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|Title:||United States recognition of the right to die||Contributor(s):||Eburn, Michael E (author)||Publication Date:||1996||Handle Link:||https://hdl.handle.net/1959.11/3446||Abstract:||On 6 March 1996 the United States Court of Appeals handed down a significant decision in the matter of 'Compassion in Dying v State of Washington' (No 94-35534) (http://www.law.vill.edu/Fed-Ct/circuit/9th/opinions/9435534.htm). The case involved an application for a declaration that a Washington statute that prohibited any person assisting another to commit suicide was unconstitutional, to the extent that it applied to a physician assisting a terminally ill, mentally competent patient to commit suicide. By an eight-to-three majority, the Court of Appeals for the 9th Circuit upheld the claim and struck down the legislation to the extent that it prohibited physician-assisted suicide. Although this case turned on relatively narrow grounds, in particular whether that part of the statute which prohibited a person who "aids" another to commit suicide was constitutional, the court's reasoning was much broader and will have future ramifications for the legalisation of physician-assisted suicide and euthanasia.||Publication Type:||Journal Article||Source of Publication:||Journal of Law and Medicine, v.3, p. 308-310||Publisher:||Law Book Company||Place of Publication:||North Ryde, Australia||ISSN:||1320-159X||Field of Research (FOR):||180199 Law not elsewhere classified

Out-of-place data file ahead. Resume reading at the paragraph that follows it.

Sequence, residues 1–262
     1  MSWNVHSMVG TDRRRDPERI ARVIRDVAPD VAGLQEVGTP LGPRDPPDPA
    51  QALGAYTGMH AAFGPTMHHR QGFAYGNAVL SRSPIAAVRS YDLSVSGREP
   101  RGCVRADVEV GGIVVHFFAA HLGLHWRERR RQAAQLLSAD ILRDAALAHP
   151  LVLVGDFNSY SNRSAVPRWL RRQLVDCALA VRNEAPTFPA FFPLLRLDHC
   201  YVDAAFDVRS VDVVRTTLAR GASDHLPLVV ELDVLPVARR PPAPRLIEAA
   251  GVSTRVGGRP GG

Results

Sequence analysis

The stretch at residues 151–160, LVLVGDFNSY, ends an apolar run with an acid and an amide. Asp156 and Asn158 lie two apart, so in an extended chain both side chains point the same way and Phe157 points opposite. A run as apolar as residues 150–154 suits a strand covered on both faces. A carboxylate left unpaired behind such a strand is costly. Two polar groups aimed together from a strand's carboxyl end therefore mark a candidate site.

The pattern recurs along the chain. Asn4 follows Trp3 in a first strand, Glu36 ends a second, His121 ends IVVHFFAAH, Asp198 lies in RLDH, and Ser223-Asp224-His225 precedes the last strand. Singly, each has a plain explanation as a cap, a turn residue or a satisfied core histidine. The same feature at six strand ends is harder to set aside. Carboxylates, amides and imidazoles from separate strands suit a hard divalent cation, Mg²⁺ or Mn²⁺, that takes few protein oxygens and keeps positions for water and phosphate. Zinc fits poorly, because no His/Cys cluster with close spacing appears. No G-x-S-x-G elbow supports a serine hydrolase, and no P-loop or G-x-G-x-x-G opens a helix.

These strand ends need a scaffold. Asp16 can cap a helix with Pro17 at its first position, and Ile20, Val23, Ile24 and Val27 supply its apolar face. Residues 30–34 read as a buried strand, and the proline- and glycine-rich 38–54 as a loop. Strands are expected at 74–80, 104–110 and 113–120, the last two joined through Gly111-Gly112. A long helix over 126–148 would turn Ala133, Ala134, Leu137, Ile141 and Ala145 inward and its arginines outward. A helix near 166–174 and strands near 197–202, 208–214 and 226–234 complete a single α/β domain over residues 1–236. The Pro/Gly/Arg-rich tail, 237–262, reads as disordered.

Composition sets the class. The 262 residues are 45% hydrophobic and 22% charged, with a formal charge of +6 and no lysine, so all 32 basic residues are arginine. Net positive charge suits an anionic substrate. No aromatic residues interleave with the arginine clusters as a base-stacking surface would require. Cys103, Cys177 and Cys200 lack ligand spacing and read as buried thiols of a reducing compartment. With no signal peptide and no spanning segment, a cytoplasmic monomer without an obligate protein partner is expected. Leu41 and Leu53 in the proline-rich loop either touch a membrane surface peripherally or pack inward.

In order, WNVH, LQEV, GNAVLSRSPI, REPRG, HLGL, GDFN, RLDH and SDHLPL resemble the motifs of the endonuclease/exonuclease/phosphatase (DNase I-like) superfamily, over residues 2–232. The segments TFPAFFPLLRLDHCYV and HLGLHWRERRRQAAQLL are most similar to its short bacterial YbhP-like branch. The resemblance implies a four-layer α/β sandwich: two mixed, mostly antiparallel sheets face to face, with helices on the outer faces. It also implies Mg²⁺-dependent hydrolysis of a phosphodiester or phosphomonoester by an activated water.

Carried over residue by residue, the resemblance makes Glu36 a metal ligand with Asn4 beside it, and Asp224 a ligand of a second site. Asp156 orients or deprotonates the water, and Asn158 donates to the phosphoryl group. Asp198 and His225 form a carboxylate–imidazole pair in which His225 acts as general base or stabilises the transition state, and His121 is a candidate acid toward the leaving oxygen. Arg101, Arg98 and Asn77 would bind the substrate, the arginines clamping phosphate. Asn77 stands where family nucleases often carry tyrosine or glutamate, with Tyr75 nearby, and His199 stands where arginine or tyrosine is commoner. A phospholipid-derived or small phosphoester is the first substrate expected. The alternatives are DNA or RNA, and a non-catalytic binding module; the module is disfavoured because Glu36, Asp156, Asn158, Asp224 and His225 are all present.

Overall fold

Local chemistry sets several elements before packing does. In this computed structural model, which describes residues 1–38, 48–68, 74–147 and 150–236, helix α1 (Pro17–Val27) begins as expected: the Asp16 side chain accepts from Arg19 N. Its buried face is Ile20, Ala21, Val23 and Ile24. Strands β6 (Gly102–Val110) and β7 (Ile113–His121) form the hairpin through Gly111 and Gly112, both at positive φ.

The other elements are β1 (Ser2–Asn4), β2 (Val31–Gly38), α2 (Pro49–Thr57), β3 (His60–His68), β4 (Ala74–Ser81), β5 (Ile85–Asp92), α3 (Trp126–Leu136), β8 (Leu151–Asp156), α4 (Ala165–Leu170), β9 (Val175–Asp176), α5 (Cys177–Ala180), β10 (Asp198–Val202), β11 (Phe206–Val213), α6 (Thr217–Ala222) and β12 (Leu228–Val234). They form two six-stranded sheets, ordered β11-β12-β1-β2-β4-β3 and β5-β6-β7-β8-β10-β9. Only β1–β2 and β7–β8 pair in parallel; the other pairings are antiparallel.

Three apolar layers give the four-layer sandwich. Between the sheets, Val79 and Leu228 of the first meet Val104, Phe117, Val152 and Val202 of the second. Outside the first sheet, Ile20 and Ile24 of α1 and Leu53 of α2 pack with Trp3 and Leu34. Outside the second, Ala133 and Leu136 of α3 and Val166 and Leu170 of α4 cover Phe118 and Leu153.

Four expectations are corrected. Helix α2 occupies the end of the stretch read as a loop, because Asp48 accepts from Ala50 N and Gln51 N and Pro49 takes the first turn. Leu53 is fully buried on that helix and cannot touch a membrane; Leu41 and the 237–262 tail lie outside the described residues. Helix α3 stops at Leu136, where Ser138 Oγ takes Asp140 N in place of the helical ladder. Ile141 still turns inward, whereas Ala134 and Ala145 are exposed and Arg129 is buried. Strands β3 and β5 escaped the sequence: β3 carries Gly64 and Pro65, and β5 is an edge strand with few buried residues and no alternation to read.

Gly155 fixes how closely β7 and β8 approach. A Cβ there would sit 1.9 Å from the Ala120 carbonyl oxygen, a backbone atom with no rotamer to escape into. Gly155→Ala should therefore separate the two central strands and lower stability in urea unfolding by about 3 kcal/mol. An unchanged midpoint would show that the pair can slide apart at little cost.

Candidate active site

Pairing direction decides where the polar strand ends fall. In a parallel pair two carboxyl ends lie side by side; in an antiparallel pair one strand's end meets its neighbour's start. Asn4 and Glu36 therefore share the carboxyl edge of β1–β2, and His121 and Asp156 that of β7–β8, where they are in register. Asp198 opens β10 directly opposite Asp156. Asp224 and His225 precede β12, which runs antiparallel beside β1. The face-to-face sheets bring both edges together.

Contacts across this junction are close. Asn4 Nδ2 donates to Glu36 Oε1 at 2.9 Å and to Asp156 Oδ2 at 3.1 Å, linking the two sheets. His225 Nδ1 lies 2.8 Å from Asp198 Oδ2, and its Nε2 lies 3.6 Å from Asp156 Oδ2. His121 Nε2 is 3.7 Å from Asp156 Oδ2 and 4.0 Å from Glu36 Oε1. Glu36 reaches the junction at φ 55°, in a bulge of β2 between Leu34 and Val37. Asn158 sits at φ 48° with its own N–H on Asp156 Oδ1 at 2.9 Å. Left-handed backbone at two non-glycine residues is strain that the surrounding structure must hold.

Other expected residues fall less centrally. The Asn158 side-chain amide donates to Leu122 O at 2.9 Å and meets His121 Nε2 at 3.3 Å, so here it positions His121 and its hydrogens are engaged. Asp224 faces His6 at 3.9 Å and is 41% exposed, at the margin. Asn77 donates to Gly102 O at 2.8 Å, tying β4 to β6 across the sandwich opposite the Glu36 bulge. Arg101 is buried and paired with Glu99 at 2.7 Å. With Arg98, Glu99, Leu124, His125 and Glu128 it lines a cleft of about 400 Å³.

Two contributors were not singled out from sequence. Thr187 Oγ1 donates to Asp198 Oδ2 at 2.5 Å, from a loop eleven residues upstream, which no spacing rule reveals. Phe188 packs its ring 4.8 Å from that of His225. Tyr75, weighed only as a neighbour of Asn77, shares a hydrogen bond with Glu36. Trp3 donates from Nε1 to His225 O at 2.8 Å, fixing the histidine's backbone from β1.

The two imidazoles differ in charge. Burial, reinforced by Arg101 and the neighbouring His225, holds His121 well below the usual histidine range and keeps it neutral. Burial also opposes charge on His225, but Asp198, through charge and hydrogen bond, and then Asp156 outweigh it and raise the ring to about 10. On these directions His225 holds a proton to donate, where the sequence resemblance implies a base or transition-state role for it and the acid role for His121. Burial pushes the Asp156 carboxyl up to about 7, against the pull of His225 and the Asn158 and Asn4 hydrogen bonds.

180110 Criminal Law and Procedure
|HERDC Category Description:||C2 Non-Refereed Article in a Scholarly Journal||Other Links:||http://www.thomsonreuters.com.au/catalogue/productdetails.asp?id=965||Statistics to Oct 2018:||Visitors: 125
|Appears in Collections:||Journal Article|
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